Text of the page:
Consulate-General of Japan Celebrates 50 years of History of Its Official Residence in Evanston
• Local celebrities, dignitaries and those with personal ties to the building got together on April 18 to celebrate the house’s 50th year as the Official Residence of the Consul-General of Japan in Chicago.
• Among the guests were former U.S. Senator Adlai Stevenson,
who is known for his years of dedication to the U.S.-Japan friendship,
and Jerry Reinsdorf, the owner of the Chicago White Sox, as well as Evanston
Mayor Steve Hagerty and the Residence’s neighbors. Devora Grynspan, President
of Northwestern University’s International Relations, and Richard Briggs,
grandson of one of the Residence’s previous owners, talked about the history
of the house. Joji Kagei, son of the first Japanese Consul-General to
have lived in the Residence, Umeo Kagei, reminisced about his childhood
days in the Residence.
• The house, built in 1912 as a private residence of Nathan W. Williams, was designed by Robert Spencer, who was a close friend and colleague of Frank Lloyd Wright. After a succession of prominent Chicago business leaders as its owners, the house was purchased by Owen Coon, Richard Brigg’s grandfather and a renowned Chicago philanthropist. The then owner of the Chicago White Sox, Arthur C. Allyn, purchased it after Coon had passed away.
• Gene Honda, widely known as a popular public address announcer for the White Sox and the Chicago Blackhawks, served as MC in the celebration. His uncle, Thomas Masuda, owned the Residence from 1966 until the Japanese government purchased it in 1968. Since that time, it’s been home to 23 Japanese Consul-Generals.
• In his opening address, current Consul-General Naoki
Ito noted that the house, created as a modern American residential home,
is one of the masterpieces by Robert Spencer. It was designated as Evanston’s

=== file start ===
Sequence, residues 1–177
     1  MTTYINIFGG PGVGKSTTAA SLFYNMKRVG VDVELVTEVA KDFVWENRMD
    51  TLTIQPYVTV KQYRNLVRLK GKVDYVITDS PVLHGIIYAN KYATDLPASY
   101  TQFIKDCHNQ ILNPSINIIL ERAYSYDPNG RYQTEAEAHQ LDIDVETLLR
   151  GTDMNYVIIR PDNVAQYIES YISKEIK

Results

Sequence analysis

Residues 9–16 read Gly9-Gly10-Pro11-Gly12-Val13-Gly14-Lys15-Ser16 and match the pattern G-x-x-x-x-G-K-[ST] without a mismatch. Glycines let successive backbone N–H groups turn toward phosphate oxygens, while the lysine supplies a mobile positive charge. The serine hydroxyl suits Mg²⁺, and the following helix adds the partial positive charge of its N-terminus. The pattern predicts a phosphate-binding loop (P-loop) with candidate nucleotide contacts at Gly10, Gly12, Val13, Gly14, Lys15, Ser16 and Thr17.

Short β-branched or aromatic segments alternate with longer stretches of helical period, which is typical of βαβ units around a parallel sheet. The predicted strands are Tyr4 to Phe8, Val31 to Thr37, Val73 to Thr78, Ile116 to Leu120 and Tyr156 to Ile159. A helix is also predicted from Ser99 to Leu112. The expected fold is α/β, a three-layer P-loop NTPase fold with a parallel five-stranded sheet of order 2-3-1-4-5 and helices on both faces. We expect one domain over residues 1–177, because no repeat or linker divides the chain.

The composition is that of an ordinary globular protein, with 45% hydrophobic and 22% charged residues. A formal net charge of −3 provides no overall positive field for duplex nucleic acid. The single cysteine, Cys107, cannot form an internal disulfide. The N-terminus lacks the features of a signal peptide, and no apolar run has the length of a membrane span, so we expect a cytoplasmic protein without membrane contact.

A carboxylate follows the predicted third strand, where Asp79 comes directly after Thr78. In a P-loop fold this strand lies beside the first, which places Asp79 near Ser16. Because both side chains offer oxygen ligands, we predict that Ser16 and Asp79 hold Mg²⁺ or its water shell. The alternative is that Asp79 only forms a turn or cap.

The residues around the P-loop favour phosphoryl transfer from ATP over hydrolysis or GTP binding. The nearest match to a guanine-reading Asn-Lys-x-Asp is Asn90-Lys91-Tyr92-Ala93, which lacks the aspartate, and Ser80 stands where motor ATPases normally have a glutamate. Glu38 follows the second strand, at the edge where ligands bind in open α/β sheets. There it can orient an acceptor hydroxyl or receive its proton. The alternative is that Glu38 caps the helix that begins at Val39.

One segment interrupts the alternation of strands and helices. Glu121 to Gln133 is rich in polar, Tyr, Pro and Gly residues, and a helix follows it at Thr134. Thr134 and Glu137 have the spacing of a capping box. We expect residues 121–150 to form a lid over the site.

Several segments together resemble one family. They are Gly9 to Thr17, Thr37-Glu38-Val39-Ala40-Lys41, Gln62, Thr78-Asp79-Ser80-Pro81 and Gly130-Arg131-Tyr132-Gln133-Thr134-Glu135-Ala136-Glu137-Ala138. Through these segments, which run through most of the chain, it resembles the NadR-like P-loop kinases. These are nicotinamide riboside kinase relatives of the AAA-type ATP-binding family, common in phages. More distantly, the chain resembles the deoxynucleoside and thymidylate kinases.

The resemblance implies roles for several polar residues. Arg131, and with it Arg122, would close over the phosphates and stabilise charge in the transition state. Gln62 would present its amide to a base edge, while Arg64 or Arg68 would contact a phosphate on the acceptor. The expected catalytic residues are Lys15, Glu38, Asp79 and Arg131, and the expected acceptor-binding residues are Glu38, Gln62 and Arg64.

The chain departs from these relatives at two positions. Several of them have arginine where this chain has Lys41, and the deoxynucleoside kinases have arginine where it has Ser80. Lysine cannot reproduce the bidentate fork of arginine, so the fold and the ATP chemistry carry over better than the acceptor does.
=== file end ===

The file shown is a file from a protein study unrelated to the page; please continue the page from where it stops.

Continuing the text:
historical landmark in 1992.
• In his presentation, Stuart Cohen said Spencer and
Frank Lloyd Wright were so close that they even borrowed each other’s
clothes. They had shared an office and worked together, brainstorming
for new housing development ideas.
• Briggs spoke about his grandfather, Owen Coon, who
was the fifth owner of the house. Coon, born and raised in Illinois, enrolled
in Northwestern University in 1912, where he was mentored by Clarion DeWitt
Hardy, renowned professor of public speaking. He proceeded to the university’s
law school, and graduated with a law degree in 1919 after spending a year
in the U.S. Navy. As a lawyer, Coon won a lawsuit filed by a farm for
damages caused by a switchmen’s strike during 1921 – 1922.
• Coon purchased the house in 1940. Briggs thinks the decision was made (1) to please his wife who was from Evanston; (2) because it was a good deal; and (3) to use it as the place to entertain the Northwestern students who were the recipients of the scholarships and others.
• The Owen L. Coon Foundation was set up in 1946, with the first preparatory meeting held at the Residence on June 1st of that year. The foundation has been making donations to Northwestern University ever since, including the law library.
• Coon passed away from leukemia in 1948. His wife lived on at the Residence for the next few years, until she sold it to Arthur Allyn.
• Briggs, currently a counsel at Masuda, Funai, Eifert & Mitchell’s Los Angeles office, said he took over the Owen L. Coon Foundation in 1991, a foundation set up by his grandfather. He was responsible for its operation until 2017.
What became of the house after 1966?
• After the record snowfall in January 1967, Consul-General
Umeo Kagei was transferred to Chicago from Bangkok, Thailand, and he and
his family moved into the Residence. Joji Kagei was one of the family’s
eight children, spending a total of five years there from grade school
to high school.
Official Residence of Consul General of Japan (Photo: courtesy of the Consulate General of Japan in Chicago)
From left: Consul General Naoki Ito, former U.S. Senator Adlai Stevenson, and
Evanston Mayor Steve Hagerty
Original fireplace still exists in the house.
The family crest of Nathan W. Williams can be seen in the photo.
Richard Briggs speaks about his grandfather Owen Coon, the fifth owner of the house.
Joji Kagei, one of eight children of Consul General Umeo Kagei,
who first resided in the house as a Consul General of Japan